A New York article published in 2006, attempts to persuade readers that all immigrants, no matter their origins, should be accepted by Americans. “Angels in America,” written by John Tierney, goes on to say, although most U.S. citizens’ ancestors were at one-point immigrants, today they fail to give any concern for new migrants. Tierney makes the point that Mexican immigrants are no different from other immigrants. He questions why it is so difficult for someone with Hispanic, Latin, or Chicano provenance, to become a legal citizen of The United States.
In Tierney’s first few paragraphs, he makes a correlation between the main character, Angel Espinoza, and his Irish grandfather. First, comparing their lifestyle; At arrival, they made little money, but over time made their way to “better-paying jobs.” They both then married legal U.S. citizens. Unfortunately, unlike Tierney’s grandfather, Espinoza couldn’t settle. In fact, Espinoza was likely to be transported back to his home country.
“I work hard and pay taxes and don’t want any welfare. Why deport me?”, says Espinoza. (Tierney page 1) Tierney quotes Espinoza because he too has the same question. Sadly, by making the decision to enter the U.S., even though he was already worded off, he technically did break the law. He was given “in order to stay out.”, and because he didn’t do so he’s now a “criminal”. If there aren’t regulations for other immigrants, then there shouldn’t be regulations for Mexican immigrants too, Tierney argues. If his grandfather was so easily accepted then why is it so arduous for Espinoza, and other Mexican immigrants to become U.S. citizens? These are one of the many questions Tierney struggles to discord.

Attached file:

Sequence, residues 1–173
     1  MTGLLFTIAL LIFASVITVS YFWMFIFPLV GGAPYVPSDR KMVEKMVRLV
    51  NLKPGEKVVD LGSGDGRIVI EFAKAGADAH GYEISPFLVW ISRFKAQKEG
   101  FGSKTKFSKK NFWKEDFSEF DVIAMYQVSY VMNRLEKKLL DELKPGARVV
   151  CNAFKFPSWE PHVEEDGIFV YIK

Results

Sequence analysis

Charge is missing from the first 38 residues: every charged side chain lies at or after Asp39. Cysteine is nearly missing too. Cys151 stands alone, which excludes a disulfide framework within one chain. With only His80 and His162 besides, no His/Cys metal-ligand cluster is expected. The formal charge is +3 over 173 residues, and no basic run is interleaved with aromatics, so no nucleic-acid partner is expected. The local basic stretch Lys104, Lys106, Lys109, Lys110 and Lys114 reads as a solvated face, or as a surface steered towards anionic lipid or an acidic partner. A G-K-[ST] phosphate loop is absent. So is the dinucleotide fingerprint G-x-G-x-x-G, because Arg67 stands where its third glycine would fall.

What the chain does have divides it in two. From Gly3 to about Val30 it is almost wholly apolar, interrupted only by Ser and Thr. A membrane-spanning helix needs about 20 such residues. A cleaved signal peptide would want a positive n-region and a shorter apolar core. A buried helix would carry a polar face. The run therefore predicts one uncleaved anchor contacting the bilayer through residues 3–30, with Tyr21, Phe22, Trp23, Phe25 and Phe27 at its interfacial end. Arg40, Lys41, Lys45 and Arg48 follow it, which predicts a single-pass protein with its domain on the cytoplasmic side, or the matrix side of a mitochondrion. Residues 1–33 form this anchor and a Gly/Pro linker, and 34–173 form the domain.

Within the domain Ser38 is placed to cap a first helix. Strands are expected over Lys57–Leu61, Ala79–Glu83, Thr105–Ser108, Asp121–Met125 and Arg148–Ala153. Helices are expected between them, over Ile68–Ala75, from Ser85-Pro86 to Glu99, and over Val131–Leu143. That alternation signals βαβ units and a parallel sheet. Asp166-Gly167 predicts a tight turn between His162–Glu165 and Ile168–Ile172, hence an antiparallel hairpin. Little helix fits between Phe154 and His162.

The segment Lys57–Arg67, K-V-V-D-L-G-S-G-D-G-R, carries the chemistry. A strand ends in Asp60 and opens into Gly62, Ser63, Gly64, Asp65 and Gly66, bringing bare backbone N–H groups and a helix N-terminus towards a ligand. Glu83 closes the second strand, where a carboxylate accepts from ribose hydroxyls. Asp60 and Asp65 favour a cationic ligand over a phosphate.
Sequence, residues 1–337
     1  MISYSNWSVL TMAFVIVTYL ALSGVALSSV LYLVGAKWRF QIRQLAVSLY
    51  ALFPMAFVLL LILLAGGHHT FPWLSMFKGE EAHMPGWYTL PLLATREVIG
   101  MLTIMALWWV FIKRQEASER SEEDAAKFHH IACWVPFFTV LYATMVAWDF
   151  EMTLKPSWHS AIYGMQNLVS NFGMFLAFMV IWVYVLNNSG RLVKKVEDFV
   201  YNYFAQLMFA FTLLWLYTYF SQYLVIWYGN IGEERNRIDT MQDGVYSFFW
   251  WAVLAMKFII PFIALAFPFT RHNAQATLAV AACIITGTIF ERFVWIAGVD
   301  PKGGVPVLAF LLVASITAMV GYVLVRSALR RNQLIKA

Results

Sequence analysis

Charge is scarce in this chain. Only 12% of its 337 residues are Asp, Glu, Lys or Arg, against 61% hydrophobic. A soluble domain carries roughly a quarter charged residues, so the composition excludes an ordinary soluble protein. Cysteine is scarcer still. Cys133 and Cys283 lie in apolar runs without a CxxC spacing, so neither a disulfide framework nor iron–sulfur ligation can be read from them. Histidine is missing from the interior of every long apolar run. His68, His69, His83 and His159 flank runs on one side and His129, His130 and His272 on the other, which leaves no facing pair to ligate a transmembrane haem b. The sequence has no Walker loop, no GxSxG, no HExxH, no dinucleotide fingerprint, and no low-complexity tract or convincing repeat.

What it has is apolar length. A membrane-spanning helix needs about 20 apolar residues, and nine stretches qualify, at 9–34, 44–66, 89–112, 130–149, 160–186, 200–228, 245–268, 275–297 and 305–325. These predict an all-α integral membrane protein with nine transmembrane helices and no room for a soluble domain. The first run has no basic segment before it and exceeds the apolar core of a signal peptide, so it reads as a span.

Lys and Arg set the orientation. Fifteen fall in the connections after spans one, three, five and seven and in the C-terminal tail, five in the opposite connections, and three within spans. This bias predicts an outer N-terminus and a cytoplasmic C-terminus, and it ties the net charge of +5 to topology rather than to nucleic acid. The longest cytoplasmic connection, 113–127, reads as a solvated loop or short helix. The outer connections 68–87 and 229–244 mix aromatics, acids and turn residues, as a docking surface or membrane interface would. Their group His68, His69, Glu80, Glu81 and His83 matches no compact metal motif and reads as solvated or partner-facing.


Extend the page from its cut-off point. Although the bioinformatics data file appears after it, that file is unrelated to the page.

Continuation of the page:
One of the many stereotypes about former Mexican citizens is that they will be unlikely to understand and isolate themselves because they’re near their home country. Another stereotype is that their children will receive low grades in school, and eventually grow up in the lower class. Tierney disproves this by talking about Espinoza’s life. Espinoza goes from making barely minimum wage to seventeen dollars an hour. He and his wife buy a house for about two hundred thousand dollars. That would put Espinoza in the middle class. Even though Espinoza’s first language is Spanish, he continues to learn and speak English. His daughter on the other hand, only in her first year of school, is already speaking English. Tierney continues to speak on these stereotypes by saying, “No matter where they live, their children learn English.” This means that no matter how close immigrants are to their homeland, their children grow up to speak the dominant language in the country, which is English for America. Just as any other immigrant would, rather from Europe, Africa, Mexico, etc. Their children will grow up to speak English.
Lastly, Tierney includes a few American viewpoints on immigrants, and what they think should be done. Tierney talks about the Senate, the Republican party, and an individual named Bobby Rush. A compromise, letting almost all immigrants become legal citizens, seemed to be concluding with the Senate. Until the Republicans would only collaborate if there were regulations. Some of which could keep Espinoza from ever returning to America again. Fortunately, a Democratic representative, named Bobby Rush is trying to protect families from being split up. This shocks many “immigrant advocators and Chicago public officials” who are already pressing immigrant cases.
Tierney concludes by asking a series of rhetorical questions. He wants Republicans to explain why their ancestors are worthier than Espinoza. Why should Espinoza, and immigrants like him, be made to leave their families? Tierney asks. Espinoza even has his own set of questions he would like answered for his daughter. One of them states, “I would like them to tell my American daughter why her father can’t stay with her.” (Tierney page 3)